•  3
    Harsh and Disrespectful
    with David V. Axelsen
    Social Theory and Practice 46 (4): 657-679. 2020.
    Many policies hinge on determining whether someone’s situation is due to luck or choice. In political philosophy, this prevalence is mirrored by luck egalitarian theories. But overemphasizing the distinction between luck and choice will lead to tensions with the value of moral agency, on which the distinction is grounded. Here, we argue that the two most common contemporary critiques of luck egalitarianism, holding it to be harsh and disrespectful are best understood as illustrating exactly this…Read more
  •  14
    What Is the Point of the Harshness Objection?
    Utilitas 32 (4): 427-443. 2020.
    According to luck egalitarianism, it is unjust if some are worse off than others through no fault or choice of their own. The most common criticism of luck egalitarianism is the ‘harshness objection’, which states that luck egalitarianism allows for too harsh consequences, as it fails to provide justification for why those responsible for their bad fate can be entitled to society's assistance. It has largely gone unnoticed that the harshness objection is open to a number of very different interp…Read more
  •  4
    Harsh and Disrespectful
    with David V. Axelsen
    Social Theory and Practice 46 (4): 657-679. 2020.
    Many policies hinge on determining whether someone’s situation is due to luck or choice. In political philosophy, this prevalence is mirrored by luck egalitarian theories. But overemphasizing the distinction between luck and choice will lead to tensions with the value of moral agency, on which the distinction is grounded. Here, we argue that the two most common contemporary critiques of luck egalitarianism, holding it to be harsh and disrespectful are best understood as illustrating exactly this…Read more
  •  29
    What is Wrong with Sufficiency?
    Res Publica 25 (1): 21-38. 2019.
    In this paper, I ask what is wrong with sufficiency. I formulate a generic sufficiency principle in relation to which I discuss possible problems for sufficientarianism. I argue against the arbitrariness–concern, that sufficiency theory need only to identify a possible space for determining a plausible threshold, and I argue against the high–low threshold dilemma concern, that multiple-threshold views can solve this dilemma. I then distinguish between currency-pluralist and currency-monist multi…Read more
  •  21
    Playing for social equality
    Politics, Philosophy and Economics 17 (4): 427-446. 2018.
    This article claims that the protection of children’s capability for play is a central social-political goal. It provides the following three-premise argument in defense of this claim: we have strong and wide-ranging normative reasons to be concerned with clusters of social deficiency; particular fertile functionings play a key role for tackling clusters of social deficiency; and finally the capability for childhood play is a crucial, ontogenetic prerequisite for the development of those particu…Read more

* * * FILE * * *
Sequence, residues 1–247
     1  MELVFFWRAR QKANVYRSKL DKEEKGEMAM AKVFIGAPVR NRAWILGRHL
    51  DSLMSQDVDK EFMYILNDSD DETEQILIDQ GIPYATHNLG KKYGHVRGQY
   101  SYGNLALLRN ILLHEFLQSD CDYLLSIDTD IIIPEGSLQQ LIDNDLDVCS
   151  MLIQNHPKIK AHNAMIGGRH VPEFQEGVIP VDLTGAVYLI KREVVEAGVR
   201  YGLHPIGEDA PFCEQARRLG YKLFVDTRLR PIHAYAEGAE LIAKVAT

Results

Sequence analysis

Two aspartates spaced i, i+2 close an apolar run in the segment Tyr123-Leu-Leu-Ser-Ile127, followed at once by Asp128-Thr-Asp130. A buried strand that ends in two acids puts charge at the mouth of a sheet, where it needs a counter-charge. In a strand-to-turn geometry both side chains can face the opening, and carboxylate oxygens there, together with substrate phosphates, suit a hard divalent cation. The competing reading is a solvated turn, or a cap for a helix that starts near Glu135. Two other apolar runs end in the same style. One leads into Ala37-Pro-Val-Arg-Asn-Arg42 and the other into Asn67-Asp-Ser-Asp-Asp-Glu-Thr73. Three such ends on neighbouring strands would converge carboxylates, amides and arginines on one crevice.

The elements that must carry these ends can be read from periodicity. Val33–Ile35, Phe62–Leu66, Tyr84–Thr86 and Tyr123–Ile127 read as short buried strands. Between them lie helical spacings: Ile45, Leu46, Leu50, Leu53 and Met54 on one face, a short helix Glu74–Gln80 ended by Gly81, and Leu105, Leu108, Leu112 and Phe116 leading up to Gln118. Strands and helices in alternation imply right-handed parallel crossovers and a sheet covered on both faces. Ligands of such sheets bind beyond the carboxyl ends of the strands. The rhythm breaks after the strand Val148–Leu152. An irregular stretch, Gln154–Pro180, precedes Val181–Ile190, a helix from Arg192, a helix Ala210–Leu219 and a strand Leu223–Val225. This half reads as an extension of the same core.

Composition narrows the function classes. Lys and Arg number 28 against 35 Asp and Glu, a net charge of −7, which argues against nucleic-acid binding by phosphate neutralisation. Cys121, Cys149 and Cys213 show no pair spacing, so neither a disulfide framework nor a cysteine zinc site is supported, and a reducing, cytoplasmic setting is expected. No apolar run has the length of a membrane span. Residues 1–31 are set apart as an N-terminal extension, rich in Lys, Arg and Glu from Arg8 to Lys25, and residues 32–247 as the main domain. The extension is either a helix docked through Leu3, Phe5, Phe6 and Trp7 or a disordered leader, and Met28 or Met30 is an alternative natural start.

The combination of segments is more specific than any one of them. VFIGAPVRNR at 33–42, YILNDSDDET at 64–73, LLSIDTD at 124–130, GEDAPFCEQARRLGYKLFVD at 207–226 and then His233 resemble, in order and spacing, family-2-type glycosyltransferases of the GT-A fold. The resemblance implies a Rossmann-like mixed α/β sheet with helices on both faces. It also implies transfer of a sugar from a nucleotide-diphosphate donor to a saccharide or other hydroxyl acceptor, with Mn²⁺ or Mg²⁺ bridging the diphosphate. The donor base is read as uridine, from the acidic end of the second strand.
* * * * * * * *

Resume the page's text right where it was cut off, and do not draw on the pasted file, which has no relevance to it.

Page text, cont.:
•  12
    Name der Zeitschrift: Jahrgang: 13 Heft: 2 Seiten: 190-206
  •  35
    Sufficiency as Freedom from Duress
    with David V. Axelsen
    Journal of Political Philosophy 23 (4): 406-426. 2015.
  •  34
    Why Health Matters to Justice: A Capability Theory Perspective
    Ethical Theory and Moral Practice 18 (2): 403-415. 2015.
    The capability approach, originated by Amartya Sen is among the most comprehensive and influential accounts of justice that applies to issues of health and health care. However, although health is always presumed as an important capability in Sen’s works, he never manages to fully explain why health is distinctively valuable. This paper provides an explanation. It does this by firstly laying out the general capability-based argument for health justice. It then discusses two recent attempts to ju…Read more
  •  23
    Sufficiency Grounded as Sufficiently Free: A Reply to Shlomi Segall
    Journal of Applied Philosophy 33 (2): 202-216. 2016.
    Telic sufficientarianism is the view that it is better, other things equal, if people are lifted above some sufficiency threshold of special moral importance. In a recent contribution, Shlomi Segall has raised the following objection to this position: The telic ideal of sufficiency can neither be grounded on any personal value, nor any impersonal value. Consequently, sufficientarianism is groundless. This article contains a rejoinder to this critique. Its main claim is that the value of autonomy…Read more
  •  24
    Three Strikes Out: Objections to Segall's Luck Egalitarian Justice in Health
    with David Vestergaard Axelsen
    Ethical Perspectives. forthcoming.
    Setting out to defend luck egalitarianism in matters of justice in health, Shlomi Segall outlines a pluralistic version of the luck egalitarian framework allowing egalitarian justice to be traded-off against other moral requirements. The suggested pluralism enables luck egalitarian justice to coexist with a concern for meeting everyone’s basic needs thereby avoiding Elizabeth Anderson’s ‘abandonment objection’. In this article, however, we present three objections to Segall’s luck egalitarian ju…Read more